June 19th, is now the 12th federal holiday. Juneteenth commemorates June 19, 1865, when Union soldiers brought the news of freedom to enslaved Black people in Galveston, Texas — two months after the Confederacy had surrendered. That was also about 2 1/2 years after the Emancipation Proclamation freed slaves in the Southern states.
It is the first new federal holiday since Martin Luther King Jr. Day was created in 1983.
As we reflect on this holiday and this wonderful and federally sanctioned celebration, we think of the artist, Purvis Young and his social and political artistic commentary on the civil rights and urban violence.
Purvis Young (1943 - 2010)
Battle for Freedom, Circa 1990
Paint on panel with wood frame
48 x 35 in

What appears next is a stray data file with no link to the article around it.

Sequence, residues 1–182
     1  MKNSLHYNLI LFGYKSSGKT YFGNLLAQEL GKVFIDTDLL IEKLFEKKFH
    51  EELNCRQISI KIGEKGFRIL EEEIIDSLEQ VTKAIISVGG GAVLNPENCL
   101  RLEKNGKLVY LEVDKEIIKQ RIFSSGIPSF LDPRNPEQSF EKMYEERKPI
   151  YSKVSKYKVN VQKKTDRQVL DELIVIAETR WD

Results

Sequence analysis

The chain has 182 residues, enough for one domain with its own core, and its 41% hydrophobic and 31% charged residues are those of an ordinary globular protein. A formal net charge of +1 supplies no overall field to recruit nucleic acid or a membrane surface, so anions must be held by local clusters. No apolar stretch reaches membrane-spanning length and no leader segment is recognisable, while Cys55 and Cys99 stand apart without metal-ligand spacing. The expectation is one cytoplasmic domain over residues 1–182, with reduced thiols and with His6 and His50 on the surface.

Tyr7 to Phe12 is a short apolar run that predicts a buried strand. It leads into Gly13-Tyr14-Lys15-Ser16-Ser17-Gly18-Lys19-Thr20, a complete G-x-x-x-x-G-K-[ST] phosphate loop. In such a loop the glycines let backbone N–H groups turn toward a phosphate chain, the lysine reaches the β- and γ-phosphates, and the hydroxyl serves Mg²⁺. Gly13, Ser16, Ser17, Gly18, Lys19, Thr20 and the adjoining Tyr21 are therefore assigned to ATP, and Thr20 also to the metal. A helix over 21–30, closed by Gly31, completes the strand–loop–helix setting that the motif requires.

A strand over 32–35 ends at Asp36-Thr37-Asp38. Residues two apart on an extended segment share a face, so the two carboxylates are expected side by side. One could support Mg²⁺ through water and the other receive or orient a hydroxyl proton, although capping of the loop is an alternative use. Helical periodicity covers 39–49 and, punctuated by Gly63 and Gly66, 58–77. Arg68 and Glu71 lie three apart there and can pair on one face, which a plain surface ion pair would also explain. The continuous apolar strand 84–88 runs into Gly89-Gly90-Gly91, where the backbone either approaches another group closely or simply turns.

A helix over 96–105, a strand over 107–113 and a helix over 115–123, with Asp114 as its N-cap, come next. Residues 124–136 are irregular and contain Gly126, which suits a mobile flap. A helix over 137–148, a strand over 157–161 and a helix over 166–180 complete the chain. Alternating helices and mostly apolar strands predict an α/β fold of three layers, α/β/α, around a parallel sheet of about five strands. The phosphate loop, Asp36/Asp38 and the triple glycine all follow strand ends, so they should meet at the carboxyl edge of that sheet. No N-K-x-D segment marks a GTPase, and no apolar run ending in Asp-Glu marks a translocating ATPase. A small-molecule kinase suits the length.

Metaphysical confrontations of supernatural spirits, demons and angles have battled in the heavens and in the depths of hell, fighting over humans’ well-being. And yet man’s physical altercations in the 1950’s and 60’s Civil Rights movement protests illustrate that the war between good and evil has been with us in many forms for over a millennium. There will always be the do-gooders- yellow figures, as well as the harsh and terrible troublemakers- black silhouettes, fighting over mankind; each with their own agenda. The constant resurrection of goodness, not that of viciousness and evil, speaks the deepest truth about our world and our lives. It is said that good always triumphs over evil. Capturing a biblical war, the painting evokes a classic renaissance aesthetic. Evocative of “The Triumph of the Genius of Destruction” by, Mihály Zichy, painted in 1878 the “Battle for Freedom” by Young has a similar struggle being portrayed. With affixed found objects as sidebar comments on the gestalt of the painting’s meaning, the pool of blood on the bottom part of the painting continues to rise as the slaughter persists. However, it does appear the good, once again has the upper hand as mankind is again on the precipice of peril.
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